Exotic Artifacts in the Ximenez Household
Emmanuel Ximenez and Isabel da Vega owned exotic objects of two types: those found in nature and those that were man-made. Both groups were fairly small. The former included three "Indian nutshells," referring to coconut shells (the term 'Indian' could at that time refer to the Americas or to Asia). Interestingly, these were kept in the porcelain room or "cabinet," where they were displayed alongside fine ceramics from China. Perhaps most striking among the exotic naturalia were three preserved animals: a salamander, a crocodile, and an armadillo, again all categorized as 'Indian' in the inventory. Additionally, inside the home were a large number of pearls, some sewn onto clothing, others set in jewelry, and still others kept loose. In the seventeenth century pearls were fished off the shores of the Americas and in Asian waters, and the Portuguese were particularly involved with the industry off the South Coast of India and Sri Lanka. But it is not clear that pearls would have been perceived as exotic by a wealthy family; they may have been so commonplace as to have been seen simply as expensive adornments.
The presence of exotic, man-made items imported from outside Europe in the Ximenez household is likewise rather underwhelming. This is even more striking given the international business connections and financial means the Ximenez had: had they wanted to they could easily have purchased any exotica that was on the market then. They chose not to do that, perhaps as a matter of personal taste and interest. The exotic objects that are listed in the inventory are not exceptional, and served – as is indicated in some instances – furnishing purposes within the household. The largest portion of these items constituted textiles, whose descriptions are so inexact that one can only hypothesize what they may have looked like. Most of these textiles were from Turkey, geographically the closest export region for exotic textiles, especially carpets. And yet, given the ubiquity of Ottoman carpets in rich European households of that time one wonders as to how 'exotic' these carpets were actually perceived to be.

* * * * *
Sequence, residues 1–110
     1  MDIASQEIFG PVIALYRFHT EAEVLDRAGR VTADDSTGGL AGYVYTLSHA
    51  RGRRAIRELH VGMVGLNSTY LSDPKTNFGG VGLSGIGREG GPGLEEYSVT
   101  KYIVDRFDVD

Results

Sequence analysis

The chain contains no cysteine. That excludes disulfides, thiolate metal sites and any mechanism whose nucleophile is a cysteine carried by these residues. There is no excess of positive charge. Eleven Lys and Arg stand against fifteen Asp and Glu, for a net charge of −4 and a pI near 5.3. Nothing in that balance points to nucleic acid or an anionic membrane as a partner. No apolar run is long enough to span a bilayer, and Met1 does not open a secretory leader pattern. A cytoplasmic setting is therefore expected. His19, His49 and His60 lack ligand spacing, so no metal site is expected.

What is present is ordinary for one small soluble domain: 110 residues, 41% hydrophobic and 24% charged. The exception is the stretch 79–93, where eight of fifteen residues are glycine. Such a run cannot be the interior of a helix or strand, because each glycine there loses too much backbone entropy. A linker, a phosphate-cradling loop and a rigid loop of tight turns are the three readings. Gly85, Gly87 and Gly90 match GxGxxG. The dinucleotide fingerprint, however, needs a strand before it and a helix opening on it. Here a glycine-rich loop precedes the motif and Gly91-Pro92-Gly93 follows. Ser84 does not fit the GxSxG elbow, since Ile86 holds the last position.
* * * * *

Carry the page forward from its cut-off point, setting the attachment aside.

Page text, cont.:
The inventory lists four to five Turkish carpets with measurements but without further details concerning appearance. There are, however, hints to as to their use. They were stored together in a chest with 21 bands. Likely these were woolen carpets from Anatolia most commonly traded as coeval paintings suggest. Of the other Turkish textiles, two were used as tablecloths, one as a curtain and the use of another is not specified. The last Turkish item is a saber stored in a box together with clothes. There are fewer 'Indian' objects: a leather bag and textiles used as tablecloths. Again their description is very inexact. Perhaps most interesting seems the "Indian bedstead" in the storage room above the dining room, but again the description does not permit a clear identification.
Here again, most of the 'exotic' man-made objects in the inventory that had been imported from outside of Europe had become by the early seventeenth century in Antwerp normal household furnishings and were likely no longer perceived as exotic, but rather as luxury commodities representative of any rich household. There was obviously no systematic collection of exotica, and the other European items seem to have been used as day to day household items, and only to a very limited extent as showpieces.
Belger Krody, Sumru Flowers of Silk & Gold: Four Centuries of Ottoman Embroidery. London: Merrell, 2000.
Seipel, Wilfried, ed. Exotica: Portugals Entdeckungen im Spiegel fürstlicher Kunst- und Wunderkammern der Renaissance. Mailand: Skira, 2000.
Völker, Angela. Die orientalischen Knüpfteppiche im MAK. Mailand: Vienna: Böhlau Verlag, 2001.